Format: Hardcover
This very important small book by Gross (political science, New York Univ.), an expert on Poland, further refutes the myth that the Holocaust may be entirely attributed to the Nazis and their henchmen. Following recent research that implicates the regular German army and military police, this study conclusively proves that in the town Jedwabne the local Polish population--when given permission, but not orders--massacred 1,600 local Jews, virtually all of their Jewish "neighbors." (Seven Jews were hidden by a Polish family.) At least half of the adult men participated in decapitating some, piercing others with sharp spikes, and cremating the majority alive in a barn that was doused with kerosene. The Nazis simply stood by and took pictures. This thoroughly documented volume also gives powerful evidence that primitive methods and ancient antisemitic motifs based on religion (such as the ritual murder libel) played a role alongside mechanized destruction and Nazi racial doctrine. Gross further puts to rest the myth that Jews, in particular, were connected with the Soviet regimes before the Nazi invasion of the USSR and after the war. The evidence suggests that it was the antisemites who opportunistically collaborated with the Soviet regimes.
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Format: Hardcover
In the small Polish city of Jedwabne, a stone monument notes that some 1600 Jedwabne Jews were killed by the Nazis during World War II. Professor Jan Gross' concise and convincing monograph, "Neighbors," marshalls direct historical evidence and a creative historiography to prove "beyond reasonable doubt, and as Jedwabne citizens knew all along, it was their [Polish] neighbors who killed them." Gross, with excruciating detail, dissects the July 10, 1941, murder of practically every Jewish man, woman and child in that small Polish city. What makes Gross' research important is that this slaughter was not Nazi-inspired, but initiated, orchestrated and celebrated by Poles themselves. This direct indictment of Polish involvement (not mere complicity or helpless bystanding) shatters a half-century of Polish myth-making about that nation's alleged victimhood during World War II.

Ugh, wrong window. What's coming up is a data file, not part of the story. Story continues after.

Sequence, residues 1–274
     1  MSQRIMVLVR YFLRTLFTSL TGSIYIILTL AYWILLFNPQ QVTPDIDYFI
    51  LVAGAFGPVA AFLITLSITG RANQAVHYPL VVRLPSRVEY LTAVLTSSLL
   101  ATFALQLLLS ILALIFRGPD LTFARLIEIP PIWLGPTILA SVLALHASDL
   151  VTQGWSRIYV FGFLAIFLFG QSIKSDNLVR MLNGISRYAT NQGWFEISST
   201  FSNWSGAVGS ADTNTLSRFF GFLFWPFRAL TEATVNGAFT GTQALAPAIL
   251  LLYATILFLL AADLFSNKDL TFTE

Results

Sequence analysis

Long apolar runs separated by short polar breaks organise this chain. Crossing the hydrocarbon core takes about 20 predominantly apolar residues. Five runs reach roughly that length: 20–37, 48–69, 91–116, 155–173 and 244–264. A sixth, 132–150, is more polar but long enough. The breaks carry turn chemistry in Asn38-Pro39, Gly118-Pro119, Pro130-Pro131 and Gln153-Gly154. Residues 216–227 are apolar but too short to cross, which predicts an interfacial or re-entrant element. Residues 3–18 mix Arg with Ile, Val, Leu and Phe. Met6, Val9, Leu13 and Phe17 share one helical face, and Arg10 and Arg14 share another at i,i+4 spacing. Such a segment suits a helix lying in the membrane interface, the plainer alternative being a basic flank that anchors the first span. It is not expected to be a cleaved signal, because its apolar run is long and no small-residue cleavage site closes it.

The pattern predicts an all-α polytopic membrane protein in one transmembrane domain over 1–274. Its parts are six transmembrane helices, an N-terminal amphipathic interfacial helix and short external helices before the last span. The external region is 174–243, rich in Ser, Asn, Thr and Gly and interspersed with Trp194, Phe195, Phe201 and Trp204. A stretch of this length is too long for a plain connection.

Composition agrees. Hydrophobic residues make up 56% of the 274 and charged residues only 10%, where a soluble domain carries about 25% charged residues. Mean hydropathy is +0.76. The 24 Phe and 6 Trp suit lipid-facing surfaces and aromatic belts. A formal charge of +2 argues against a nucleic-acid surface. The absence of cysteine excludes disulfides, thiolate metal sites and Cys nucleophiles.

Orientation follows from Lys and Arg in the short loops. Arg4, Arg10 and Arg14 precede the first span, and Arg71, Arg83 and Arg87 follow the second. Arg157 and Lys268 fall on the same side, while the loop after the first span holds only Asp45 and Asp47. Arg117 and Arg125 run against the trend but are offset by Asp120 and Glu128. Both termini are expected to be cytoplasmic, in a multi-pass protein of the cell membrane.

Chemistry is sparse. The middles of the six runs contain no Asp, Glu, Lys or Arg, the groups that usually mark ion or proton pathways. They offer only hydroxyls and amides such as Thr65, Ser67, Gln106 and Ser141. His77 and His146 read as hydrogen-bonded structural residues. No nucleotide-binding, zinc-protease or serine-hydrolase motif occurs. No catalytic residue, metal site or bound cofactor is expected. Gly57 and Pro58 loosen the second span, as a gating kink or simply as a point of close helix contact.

Professor Gross does not sensationalize the actual murder itself. A day-long orgy of violence, which was at once primitive and comprehensive, featured the climax of burning alive those Jews who had not perished in the mayhem of the day. In fact, not only did the non-Jewish Poles of Jedwabne participate; participants from other nearby Polish communities, themselves veterans of other pogroms, journeyed to Jedwabne to commit depredations on the Jewish population. Instead, Gross focuses on the impact this research may have on Polish national identity. In this sense, Gross simultaneously adds to and departs from standard interpretations of the Holocaust.
His research is the least creative in his reaffirmation of the now widely-accepted thesis that those involved in the destruction of European Jewry did so volitionally. Jedwabne's murderers are "willing executioners" in the purest sense of the word.